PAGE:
Wearing it's lower budget more or less as a badge of honour, this is Robin Hood as it probably should be done, in the style of Terry Gilliam's Jabberwocky, with the mud and all the trappings of the shit end of the dark ages. Everyone is covered in dirt, no one is wearing tights and the merry men are common thieves who only end up giving back to poor their own taxes, looted from the Normans, when they look like they'll revolt if they don't. The Time Out Film Guide criticises the film's lack of swash or buckle but it's not about that -- it's actually quite pleasing to see grown men throw themselves at each other and not being able to land one punch and not be able to pick up a sword and swing because its to heavy for them -- it's a refreshing dash of realism.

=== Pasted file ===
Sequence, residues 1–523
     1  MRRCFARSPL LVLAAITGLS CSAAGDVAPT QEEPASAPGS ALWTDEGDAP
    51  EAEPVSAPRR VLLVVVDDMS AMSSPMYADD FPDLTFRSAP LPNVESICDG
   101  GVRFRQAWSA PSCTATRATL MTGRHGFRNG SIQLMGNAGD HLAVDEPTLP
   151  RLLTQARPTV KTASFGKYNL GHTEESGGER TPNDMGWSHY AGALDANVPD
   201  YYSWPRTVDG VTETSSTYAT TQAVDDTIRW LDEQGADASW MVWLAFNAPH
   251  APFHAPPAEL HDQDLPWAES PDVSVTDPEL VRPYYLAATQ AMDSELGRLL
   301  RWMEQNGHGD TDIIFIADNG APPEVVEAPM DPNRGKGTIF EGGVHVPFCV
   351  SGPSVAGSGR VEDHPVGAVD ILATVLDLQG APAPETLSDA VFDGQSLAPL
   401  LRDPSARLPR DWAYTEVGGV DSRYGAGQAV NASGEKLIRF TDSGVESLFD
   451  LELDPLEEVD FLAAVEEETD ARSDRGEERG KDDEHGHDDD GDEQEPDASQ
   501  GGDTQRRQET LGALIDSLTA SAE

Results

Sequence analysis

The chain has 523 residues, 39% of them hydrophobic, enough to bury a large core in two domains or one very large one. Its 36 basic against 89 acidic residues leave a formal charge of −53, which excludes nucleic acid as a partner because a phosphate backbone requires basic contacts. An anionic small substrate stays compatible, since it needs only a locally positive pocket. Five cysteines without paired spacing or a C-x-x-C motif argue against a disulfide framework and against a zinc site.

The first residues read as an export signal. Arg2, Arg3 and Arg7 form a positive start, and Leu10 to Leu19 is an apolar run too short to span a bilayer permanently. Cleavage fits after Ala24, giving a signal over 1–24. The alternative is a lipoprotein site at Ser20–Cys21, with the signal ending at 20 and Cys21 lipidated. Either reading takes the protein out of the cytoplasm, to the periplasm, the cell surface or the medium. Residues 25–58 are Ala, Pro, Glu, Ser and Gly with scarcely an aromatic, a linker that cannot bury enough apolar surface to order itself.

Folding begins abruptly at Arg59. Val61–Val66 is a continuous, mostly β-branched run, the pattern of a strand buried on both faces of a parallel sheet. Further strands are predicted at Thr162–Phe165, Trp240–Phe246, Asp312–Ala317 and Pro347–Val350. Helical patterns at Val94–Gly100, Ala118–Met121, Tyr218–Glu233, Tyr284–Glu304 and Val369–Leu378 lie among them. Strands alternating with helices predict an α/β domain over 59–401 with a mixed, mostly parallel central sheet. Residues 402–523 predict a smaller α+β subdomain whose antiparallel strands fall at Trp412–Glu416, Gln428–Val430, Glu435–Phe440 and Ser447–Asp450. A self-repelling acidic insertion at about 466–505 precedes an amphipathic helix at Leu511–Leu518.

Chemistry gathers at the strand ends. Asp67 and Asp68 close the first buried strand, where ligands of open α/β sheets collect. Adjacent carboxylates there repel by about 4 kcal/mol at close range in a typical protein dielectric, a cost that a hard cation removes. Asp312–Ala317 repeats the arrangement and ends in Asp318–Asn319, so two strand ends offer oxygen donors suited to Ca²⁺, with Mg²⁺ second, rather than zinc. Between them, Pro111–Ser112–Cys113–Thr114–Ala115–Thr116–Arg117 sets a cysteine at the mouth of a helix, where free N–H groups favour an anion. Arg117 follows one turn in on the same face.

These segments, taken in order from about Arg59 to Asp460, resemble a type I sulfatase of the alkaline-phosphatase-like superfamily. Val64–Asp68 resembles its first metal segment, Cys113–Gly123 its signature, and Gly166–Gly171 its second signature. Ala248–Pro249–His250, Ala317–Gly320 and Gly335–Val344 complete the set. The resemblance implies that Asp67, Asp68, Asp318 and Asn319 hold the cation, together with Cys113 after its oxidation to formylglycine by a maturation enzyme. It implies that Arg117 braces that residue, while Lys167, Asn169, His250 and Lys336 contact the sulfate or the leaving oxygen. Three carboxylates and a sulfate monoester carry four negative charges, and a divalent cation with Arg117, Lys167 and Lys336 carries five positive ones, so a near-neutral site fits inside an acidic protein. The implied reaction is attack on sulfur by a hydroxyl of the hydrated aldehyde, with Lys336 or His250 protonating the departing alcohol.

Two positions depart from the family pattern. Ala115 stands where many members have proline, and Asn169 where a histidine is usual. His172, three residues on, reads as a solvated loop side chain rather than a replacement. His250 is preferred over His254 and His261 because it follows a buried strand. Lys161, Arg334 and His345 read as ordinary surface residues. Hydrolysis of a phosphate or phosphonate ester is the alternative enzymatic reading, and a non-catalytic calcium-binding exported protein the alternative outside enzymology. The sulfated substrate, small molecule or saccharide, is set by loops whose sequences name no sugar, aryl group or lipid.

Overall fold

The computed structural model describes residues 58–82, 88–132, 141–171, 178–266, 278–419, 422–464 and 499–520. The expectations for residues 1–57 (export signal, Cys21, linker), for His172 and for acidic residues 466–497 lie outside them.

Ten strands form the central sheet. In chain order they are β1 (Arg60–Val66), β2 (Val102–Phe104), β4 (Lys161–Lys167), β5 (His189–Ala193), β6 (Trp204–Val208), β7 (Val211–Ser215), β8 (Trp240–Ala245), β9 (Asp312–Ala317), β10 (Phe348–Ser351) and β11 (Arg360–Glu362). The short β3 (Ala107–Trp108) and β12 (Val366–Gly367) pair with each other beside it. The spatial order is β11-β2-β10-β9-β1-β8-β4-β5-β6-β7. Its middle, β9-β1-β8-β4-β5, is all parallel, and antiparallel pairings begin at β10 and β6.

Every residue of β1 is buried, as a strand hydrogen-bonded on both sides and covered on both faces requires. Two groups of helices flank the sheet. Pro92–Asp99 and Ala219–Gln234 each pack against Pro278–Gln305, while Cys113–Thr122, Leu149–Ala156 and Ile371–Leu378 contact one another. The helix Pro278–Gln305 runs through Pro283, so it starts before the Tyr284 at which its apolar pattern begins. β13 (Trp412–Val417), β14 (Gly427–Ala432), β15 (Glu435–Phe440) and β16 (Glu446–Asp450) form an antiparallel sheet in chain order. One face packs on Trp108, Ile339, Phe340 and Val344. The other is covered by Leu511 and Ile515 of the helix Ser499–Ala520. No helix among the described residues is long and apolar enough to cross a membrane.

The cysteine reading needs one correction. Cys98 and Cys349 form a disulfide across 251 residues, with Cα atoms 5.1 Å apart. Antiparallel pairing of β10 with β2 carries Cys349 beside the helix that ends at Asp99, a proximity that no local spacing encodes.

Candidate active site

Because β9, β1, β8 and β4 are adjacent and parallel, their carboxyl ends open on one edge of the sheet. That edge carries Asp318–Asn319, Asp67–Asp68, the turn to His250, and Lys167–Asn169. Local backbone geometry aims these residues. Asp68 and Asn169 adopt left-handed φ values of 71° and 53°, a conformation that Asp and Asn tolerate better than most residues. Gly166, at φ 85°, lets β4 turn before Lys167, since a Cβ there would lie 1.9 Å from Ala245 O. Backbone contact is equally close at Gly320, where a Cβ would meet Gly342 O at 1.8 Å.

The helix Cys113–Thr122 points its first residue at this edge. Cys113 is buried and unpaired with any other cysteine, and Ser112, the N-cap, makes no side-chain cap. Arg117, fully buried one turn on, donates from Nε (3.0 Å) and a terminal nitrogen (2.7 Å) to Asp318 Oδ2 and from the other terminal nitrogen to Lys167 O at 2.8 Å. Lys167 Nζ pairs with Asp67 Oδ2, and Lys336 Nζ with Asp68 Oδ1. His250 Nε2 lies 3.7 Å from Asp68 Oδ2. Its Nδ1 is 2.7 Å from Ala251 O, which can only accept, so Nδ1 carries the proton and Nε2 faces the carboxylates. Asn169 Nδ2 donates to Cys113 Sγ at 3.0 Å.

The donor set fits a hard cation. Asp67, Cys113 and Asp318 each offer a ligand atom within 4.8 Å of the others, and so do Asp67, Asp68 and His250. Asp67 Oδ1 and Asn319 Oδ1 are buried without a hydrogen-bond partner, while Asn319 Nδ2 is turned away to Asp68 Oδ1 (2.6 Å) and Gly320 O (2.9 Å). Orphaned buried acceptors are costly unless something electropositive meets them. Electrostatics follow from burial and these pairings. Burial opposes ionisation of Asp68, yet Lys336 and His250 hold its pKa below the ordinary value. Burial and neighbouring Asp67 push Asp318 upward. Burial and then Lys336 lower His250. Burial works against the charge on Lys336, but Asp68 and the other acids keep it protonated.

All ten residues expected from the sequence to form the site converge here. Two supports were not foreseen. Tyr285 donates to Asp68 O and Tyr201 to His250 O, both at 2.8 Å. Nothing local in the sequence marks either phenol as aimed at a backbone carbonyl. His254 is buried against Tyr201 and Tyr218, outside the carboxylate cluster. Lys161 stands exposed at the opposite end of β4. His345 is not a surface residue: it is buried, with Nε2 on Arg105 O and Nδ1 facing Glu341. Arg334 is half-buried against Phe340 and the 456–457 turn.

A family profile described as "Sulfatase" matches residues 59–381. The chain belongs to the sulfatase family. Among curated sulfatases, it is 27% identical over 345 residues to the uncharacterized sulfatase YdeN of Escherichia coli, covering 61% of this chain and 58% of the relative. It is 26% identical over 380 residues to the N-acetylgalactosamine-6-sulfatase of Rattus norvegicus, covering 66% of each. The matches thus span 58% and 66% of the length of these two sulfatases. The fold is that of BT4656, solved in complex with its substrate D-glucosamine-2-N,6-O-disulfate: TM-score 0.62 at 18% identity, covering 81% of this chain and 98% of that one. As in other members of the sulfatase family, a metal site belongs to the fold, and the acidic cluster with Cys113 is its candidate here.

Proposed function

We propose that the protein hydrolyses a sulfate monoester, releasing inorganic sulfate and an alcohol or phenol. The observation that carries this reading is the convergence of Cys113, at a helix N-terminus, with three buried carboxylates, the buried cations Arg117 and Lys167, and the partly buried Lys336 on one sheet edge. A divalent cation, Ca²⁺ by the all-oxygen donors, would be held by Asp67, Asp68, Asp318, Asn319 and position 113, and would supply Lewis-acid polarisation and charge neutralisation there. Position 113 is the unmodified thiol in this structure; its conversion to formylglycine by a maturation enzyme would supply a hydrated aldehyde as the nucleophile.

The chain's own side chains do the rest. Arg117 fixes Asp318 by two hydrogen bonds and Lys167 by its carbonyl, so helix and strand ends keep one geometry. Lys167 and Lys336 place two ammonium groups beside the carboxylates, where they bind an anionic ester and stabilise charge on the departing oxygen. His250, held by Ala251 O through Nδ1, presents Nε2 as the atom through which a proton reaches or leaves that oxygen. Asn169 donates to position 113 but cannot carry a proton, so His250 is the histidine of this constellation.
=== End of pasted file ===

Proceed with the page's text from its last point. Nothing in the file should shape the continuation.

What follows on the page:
There's also a realistic approach to geography. Someone's obviously gotten out a map and read a few history books because the extent of forestation in the country is just right, as is the expression of who the nobility is. Locksley is mentioned in passing, but the main focus of the story is Huntington. When Robin is a kicked out of his kingdom he heads north and so quite appropriately the merry men are from the good counties of Yorkshire, Cheshire and Lancashire and sound like it. For once in a Robin Hood story, the accents are even half right and oh so rural. I'm not sure how accurate the French accents are, although since most of that portion of the cast hail from their own part of the world (with a notable exception, see below), they're probably right too -- granted they all speak English to one another when there isn't anyone else around but that's an affection I'll forgive.